European Union (EU) energy ministers failed to reach an agreement on a proposal to cap natural gas prices in Europe at a meeting in Brussels last week.
The European Commission (EC) proposed the cap. The EU’s executive branch said it would help the continent cope with rising energy prices inflicted by Russia’s move to cut gas supplies since the invasion of Ukraine in February.
EU ministers will meet again on Dec. 13 to approve an energy package that is expected to include a revised price cap proposal.
Despite the division over the price cap, several positive results were achieved to be added to the EC energy package. Ministers agreed to include joint gas purchases, to share supplies between member countries when needed and fast-track requirements for development of renewable projects.
Although fifteen out of 27 EU countries support a ceiling on wholesale gas prices, several countries have threatened to veto the entire energy package unless a revised price cap plan is proposed.
Under the current proposal, the cap would be activated if the prompt Dutch Title Transfer Facility (TTF) price rises above 275 euros/MWh, or about $83/MMBtu, for more than two weeks. The mechanism would also be triggered if TTF prices are 58 euros or roughly $17 more than the LNG reference price for deliveries on the continent for 10 consecutive trading days within the two weeks.
Even amid a surge in gas prices throughout the year, those conditions have not been met.
Opponents have said the conditions are too stringent, would cost billions of dollars if implemented and discourage LNG sellers from offering cargoes in Europe.
France’s energy minister Agnès Pannier-Runacher said last week the price cap plan is “not sufficient and certainly not a structural reform nor a response to the high gas prices that the European industry faces and which endangers our economies…”
The EC price cap plan is “a joke in bad taste,” Teresa Ribera, Spanish minister for ecological transition told reporters before Thursday’s meeting. “The conditions seem to be designed so that the price cap is never enforced…This proposal might stimulate a hike in prices rather than contain them.”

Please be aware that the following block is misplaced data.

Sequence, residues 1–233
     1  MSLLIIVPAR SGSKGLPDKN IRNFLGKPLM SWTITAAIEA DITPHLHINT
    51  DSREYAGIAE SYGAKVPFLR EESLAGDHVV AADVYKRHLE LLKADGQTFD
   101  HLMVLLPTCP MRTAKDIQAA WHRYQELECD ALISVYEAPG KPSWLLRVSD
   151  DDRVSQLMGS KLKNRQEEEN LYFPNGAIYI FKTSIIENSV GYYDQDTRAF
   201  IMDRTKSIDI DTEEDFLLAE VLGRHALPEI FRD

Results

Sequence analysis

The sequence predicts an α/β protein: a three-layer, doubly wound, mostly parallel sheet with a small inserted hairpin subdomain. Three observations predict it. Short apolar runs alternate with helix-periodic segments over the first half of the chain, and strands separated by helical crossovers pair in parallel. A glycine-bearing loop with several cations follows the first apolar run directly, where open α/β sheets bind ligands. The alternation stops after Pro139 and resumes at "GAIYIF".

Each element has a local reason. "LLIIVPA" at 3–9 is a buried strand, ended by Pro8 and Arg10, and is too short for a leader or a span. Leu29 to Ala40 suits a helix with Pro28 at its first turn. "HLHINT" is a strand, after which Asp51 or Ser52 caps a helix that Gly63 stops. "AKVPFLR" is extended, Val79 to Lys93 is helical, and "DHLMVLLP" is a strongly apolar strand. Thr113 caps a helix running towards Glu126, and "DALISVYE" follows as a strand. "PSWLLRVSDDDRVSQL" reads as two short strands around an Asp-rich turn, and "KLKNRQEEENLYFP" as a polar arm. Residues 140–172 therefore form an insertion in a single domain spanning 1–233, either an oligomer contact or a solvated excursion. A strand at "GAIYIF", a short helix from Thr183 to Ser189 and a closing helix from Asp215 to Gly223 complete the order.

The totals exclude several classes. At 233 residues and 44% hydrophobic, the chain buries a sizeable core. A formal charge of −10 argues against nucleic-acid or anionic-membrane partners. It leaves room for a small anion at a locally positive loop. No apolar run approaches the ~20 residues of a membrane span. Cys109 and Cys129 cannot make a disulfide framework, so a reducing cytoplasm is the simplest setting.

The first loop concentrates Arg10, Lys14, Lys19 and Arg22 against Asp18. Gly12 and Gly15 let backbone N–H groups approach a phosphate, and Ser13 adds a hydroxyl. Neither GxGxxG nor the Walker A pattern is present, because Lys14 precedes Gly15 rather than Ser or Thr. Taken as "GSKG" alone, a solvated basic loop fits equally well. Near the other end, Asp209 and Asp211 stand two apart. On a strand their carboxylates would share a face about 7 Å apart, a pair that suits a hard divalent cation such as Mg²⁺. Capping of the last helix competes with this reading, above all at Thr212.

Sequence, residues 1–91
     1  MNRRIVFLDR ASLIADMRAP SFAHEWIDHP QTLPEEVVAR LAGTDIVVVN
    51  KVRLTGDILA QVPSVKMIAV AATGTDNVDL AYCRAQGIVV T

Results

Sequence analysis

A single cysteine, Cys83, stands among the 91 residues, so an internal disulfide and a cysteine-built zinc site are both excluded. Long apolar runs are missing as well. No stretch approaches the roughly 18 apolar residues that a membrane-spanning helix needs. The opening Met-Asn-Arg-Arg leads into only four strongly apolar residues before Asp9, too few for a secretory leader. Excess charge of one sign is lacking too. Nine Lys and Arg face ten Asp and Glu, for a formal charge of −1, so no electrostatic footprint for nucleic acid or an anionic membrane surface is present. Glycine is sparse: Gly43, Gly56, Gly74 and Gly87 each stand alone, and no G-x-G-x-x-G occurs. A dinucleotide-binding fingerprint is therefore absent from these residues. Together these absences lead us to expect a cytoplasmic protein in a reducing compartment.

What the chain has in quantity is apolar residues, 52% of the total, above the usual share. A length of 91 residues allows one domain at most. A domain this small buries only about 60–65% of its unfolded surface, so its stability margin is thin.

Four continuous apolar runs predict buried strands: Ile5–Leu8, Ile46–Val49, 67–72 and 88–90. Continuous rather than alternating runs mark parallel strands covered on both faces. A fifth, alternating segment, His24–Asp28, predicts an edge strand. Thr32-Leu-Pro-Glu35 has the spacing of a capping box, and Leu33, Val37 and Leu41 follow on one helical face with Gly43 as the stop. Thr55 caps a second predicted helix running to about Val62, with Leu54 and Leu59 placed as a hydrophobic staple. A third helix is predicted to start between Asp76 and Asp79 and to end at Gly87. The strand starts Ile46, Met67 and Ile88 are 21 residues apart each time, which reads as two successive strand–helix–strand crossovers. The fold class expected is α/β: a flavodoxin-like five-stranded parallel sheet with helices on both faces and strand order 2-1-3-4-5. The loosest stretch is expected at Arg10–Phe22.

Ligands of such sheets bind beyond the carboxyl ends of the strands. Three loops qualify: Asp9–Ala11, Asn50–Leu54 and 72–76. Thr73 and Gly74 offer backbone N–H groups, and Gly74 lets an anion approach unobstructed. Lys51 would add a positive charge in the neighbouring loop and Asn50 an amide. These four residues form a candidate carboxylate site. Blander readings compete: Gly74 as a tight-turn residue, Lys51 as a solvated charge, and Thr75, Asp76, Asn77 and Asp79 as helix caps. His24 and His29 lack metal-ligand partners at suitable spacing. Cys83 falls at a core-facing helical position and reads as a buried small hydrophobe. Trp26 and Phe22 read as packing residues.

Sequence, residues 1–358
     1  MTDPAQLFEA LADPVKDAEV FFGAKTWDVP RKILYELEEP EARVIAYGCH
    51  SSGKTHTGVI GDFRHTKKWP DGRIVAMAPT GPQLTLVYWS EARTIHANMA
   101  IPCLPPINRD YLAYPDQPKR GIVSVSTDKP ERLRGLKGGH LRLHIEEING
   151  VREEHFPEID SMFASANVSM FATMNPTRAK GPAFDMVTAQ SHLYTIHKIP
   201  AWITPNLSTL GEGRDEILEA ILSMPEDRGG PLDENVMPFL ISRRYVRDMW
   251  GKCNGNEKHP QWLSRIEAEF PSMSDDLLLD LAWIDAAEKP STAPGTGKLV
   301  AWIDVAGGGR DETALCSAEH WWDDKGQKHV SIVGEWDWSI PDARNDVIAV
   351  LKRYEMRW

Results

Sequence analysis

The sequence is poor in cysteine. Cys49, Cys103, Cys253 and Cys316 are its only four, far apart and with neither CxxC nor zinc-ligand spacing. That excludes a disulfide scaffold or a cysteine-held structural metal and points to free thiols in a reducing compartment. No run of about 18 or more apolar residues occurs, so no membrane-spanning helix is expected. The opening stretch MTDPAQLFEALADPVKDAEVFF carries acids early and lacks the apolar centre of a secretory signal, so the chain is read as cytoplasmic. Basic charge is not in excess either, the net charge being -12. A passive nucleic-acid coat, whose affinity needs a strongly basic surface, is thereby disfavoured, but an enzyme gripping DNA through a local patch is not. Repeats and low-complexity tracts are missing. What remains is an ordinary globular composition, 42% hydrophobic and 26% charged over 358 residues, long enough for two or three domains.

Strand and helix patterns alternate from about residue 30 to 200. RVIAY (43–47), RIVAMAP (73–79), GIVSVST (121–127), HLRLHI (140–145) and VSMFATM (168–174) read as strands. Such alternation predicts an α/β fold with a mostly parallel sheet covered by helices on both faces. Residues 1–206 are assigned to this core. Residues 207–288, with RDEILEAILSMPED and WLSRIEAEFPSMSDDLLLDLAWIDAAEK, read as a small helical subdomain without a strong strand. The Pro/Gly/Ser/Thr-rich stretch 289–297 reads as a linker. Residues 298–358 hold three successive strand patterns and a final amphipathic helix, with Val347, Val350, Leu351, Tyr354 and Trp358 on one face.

Kostas Skrekas, Greece’s minister of environment and energy, supports a price cap ceiling at a lower level, “Putting a ceiling at 275 euros is not actually a ceiling…a range between 150 euros and 200 euros would be a more realistic ceiling.”
If the current plan to cap the price of a key European gas benchmark goes ahead, “producers and traders that rely on the Dutch TTF futures market face an 80% rise [an additional $33 billion in margin payments] they make as insurance to secure their deals,” the Intercontinental Exchange(ICE) reportedly told the EC, according to a memo seen by the Financial Times.
But Czech Energy Minister Jozef Sikela was more optimistic about EU ministers on reaching an agreement. “We are not opening the champagne yet, but putting the bottle in the fridge.”’
“This [price cap] discussion is extremely complicated because there are simply different views,” Sikela said at a press conference following Thursday’s meeting.
If a revised price cap is agreed during the Dec. 13 meeting, the plan would be implemented in January, and would also include a voluntary initiative to reduce the use of gas by 15% during the upcoming winter season.
EC energy minister Kadri Simson said over the next two weeks the price cap proposal would be revised by energy ministers.
“We are ready to facilitate an agreement and help address concerns,” she said. “This is an extraordinary tool for extraordinary times.”
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